It’s 4:00am, the day after an important local event and my mind is too active to sleep. I arrived home yesterday after a 14 hour day of coaching and organising the State Championships in the sport in which I have devoted nearly half a century of life – Weightlifting. Sitting by the home fireplace, I began at last to read and digest the many messages received from competitors, some excited by their performance and some desperately upset. Some messages are easy to answer, some will have to wait as the needed communication is challenging and requires careful consideration. This is the usual situation.
Striving for excellence has always been a modus operandi for me. There is always something more to learn, something more to achieve. However, an important part of going forward to is to reflect upon one’s past, the successes, the failures, the pivotal moments, the opportunities won and lost. Such reflections, however, often occur at an unseemly hour of the day, hence here I am, before dawn, writing this post.
If I have learned anything at all in my time as an athlete and a coach, I have learned that above all else, success in any endeavour is a mental game. I am not just talking about what happens on the day of the event, albeit that is extremely important, but also the mental skills that carry the participant through the weeks, and months, and years of the journey.
Coaches spend hours and hours studying their athletes, assessing their strengths and weaknesses and strategizing how to help them improve further. This is the nature of coaching and at times the complexity of this task can be overwhelming. It is simply amazing to see how differently individuals operate. They may have the same coach, train in the same environment and face the same circumstances but yet their view of the world can be so different.
Those of you who know me well, know that I am not a believer that genetics is the determining factor in sport. Often I will hear athletes discuss their Instagram idols in the gym, and inevitably I will hear the word “freak”, meaning that the athlete must be genetically endowed with super-human physical qualities. I know that most athletes and coaches in Weightlifting have a similar disposition, and most probably I am in the minority. However, when I see a successful athlete, my first thoughts are always to appreciate that high performance in sport is only achieved if the athlete has a mind to pursue excellence. Achieving success requires exceptional dedication, the strength of character to challenge insurmountable odds, the capacity to learn from mistakes and the will to keep going through the trials and tribulations that befall any athlete through years of excessive training. The path to success is, for any athlete, one from which it is so easy to fall.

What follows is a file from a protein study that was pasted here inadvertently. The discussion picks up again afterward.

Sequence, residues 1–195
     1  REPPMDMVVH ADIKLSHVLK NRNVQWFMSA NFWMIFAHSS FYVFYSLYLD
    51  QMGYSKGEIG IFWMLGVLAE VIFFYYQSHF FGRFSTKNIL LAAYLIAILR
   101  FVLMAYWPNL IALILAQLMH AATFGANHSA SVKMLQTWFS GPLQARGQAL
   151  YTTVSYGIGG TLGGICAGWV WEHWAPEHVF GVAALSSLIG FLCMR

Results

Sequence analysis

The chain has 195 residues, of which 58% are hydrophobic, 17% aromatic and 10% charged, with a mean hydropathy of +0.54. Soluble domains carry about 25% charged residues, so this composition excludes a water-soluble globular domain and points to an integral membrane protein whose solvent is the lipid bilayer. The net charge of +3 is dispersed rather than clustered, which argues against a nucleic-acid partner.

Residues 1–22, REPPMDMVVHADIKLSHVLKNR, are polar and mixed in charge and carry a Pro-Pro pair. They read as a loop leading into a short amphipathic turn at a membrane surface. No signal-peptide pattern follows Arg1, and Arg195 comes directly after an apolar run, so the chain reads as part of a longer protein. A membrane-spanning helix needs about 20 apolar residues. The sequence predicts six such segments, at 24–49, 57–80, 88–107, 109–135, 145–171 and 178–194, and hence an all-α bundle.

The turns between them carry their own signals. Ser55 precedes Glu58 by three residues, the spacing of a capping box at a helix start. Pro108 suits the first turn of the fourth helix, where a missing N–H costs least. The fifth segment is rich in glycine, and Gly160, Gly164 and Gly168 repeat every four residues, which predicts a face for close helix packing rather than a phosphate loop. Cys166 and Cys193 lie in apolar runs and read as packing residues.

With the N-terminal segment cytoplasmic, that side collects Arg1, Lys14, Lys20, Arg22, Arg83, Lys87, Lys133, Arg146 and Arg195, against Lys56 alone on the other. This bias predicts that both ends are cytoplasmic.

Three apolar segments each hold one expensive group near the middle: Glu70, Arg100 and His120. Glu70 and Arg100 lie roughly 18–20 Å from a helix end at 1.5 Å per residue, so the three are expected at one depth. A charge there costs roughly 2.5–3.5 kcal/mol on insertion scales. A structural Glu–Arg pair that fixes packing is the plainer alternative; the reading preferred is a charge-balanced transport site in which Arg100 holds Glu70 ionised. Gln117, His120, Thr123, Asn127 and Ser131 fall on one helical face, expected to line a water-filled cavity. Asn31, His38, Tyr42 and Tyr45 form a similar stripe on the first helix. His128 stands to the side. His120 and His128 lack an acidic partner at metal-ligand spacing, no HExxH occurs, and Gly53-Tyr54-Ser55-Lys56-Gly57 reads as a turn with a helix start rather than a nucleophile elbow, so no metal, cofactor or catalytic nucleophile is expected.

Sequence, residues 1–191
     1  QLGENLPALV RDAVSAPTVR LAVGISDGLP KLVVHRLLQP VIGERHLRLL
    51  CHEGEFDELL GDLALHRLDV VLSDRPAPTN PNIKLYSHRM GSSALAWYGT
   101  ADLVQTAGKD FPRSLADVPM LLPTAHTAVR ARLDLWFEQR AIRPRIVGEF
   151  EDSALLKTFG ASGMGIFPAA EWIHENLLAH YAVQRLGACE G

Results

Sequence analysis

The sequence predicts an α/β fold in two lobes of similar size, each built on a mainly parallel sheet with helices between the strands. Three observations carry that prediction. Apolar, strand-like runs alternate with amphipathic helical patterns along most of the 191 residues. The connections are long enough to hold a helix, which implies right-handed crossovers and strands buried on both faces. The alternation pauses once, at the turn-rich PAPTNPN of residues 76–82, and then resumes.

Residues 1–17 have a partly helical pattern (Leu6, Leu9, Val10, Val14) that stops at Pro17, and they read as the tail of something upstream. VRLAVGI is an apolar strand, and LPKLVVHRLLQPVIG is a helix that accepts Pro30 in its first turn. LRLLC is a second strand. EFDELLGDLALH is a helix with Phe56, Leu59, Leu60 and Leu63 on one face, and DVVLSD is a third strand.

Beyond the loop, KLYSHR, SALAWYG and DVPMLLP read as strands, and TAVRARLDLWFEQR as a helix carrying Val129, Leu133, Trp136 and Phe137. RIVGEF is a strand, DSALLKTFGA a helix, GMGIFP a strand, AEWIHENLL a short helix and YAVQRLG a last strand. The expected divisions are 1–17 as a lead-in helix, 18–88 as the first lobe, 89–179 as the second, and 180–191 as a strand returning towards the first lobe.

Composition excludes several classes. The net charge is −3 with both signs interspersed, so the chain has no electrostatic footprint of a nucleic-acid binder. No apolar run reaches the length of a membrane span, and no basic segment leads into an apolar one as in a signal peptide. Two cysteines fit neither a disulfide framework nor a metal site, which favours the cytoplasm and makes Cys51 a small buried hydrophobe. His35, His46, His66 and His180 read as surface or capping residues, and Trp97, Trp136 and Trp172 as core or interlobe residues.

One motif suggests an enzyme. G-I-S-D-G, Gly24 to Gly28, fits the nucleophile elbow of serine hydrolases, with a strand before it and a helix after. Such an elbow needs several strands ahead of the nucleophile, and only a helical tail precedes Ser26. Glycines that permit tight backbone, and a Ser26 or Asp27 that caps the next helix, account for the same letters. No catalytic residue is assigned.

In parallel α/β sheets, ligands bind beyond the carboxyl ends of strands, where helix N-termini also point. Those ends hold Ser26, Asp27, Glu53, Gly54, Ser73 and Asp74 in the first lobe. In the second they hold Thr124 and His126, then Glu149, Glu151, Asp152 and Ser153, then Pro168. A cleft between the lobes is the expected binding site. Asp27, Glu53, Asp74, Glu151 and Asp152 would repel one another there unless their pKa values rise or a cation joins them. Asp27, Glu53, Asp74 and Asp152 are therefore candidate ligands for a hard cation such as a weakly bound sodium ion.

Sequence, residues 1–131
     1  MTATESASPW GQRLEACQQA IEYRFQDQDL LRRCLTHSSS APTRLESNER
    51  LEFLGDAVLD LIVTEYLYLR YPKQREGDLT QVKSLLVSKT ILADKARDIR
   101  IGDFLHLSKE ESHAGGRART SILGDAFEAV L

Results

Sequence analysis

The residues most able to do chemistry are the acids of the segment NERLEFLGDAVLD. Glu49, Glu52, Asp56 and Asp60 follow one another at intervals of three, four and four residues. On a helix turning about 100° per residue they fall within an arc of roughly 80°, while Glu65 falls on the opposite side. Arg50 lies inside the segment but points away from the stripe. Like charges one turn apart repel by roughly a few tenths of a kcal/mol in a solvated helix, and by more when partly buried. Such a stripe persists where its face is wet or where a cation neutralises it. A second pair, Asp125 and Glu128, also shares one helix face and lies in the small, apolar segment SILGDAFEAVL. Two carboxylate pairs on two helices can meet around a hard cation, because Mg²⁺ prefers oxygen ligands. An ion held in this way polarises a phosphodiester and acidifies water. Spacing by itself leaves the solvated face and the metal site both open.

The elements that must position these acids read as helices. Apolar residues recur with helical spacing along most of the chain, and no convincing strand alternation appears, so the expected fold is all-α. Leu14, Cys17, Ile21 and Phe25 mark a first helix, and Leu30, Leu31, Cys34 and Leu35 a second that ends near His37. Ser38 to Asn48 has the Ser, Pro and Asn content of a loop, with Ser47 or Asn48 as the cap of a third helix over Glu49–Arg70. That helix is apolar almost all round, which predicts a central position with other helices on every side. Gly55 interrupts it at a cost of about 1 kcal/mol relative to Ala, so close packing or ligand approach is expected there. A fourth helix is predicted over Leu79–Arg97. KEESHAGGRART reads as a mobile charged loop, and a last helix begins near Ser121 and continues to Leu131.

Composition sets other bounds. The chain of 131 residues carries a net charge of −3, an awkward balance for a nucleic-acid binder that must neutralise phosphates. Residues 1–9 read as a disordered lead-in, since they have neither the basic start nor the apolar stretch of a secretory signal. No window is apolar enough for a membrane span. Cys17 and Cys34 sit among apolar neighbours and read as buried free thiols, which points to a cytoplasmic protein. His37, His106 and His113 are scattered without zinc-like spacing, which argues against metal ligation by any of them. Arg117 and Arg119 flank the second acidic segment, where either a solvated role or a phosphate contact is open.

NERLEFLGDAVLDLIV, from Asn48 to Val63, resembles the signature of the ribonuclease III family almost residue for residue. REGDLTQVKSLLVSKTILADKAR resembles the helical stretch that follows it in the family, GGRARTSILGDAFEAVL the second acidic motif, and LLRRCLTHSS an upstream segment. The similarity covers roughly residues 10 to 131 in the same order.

For me as a coach, it is the mental skills of the athlete that count. The longer my experience as a coach, the more I see the benefits of possessing a positive mindset. In dealing with all the problems and issues that are bound to be encountered, an athlete will need a profound sense of self-belief in their own capability as they journey to new horizons of performance.
Yes, without question, athletes that rise above others must have great desire to learn, to work hard, to pursue goals and to compete at the highest level. But the needed mental qualities go beyond this. Like any sport, great sporting moments in Weightlifting occur on the competition platform and no amount of prowess in training can be a substitute for this. Over many decades I have observed, and no doubt most other coaches have also observed that the excellent performer is one whose thoughts do not race ahead in moments of pressure, who remains calm and composed, and who commits to the task at hand unreservedly. Furthermore, in the lead up to the event, they waste no time in self-imposing unnecessary or unrealistic expectations upon themselves and are content to be guided by others. With all the palpable emotion of the big event, they consistently trust in their own capability and love the hustle and bustle of competition.
As a coach who is not a devout believer in genetic limitations, I look to see how these mental traits are developed prior to, and during the athlete’s time with me as their coach. Who is this athlete and what is their perception of the world? How well does this athlete know himself/herself, their own motivations, their own strengths, capabilities and limitations?
After decades in this beloved game of Weightlifting, I find over and over again that helping athletes to acquire excellence of technique is the simplest of coaching tasks. More difficult is the teaching of athletes to train effectively, understand the process, be self-reliant, work at continuous improvement and solve the issues that arise from constant high-level training. But most difficult is the task of understanding the athlete sufficiently well to be able help them rid the road-blocks of their own mind, probe and challenge their own deep-seated misperceptions and begin to develop and exhibit behaviour, in training and competition, that makes them a winner no matter what their result.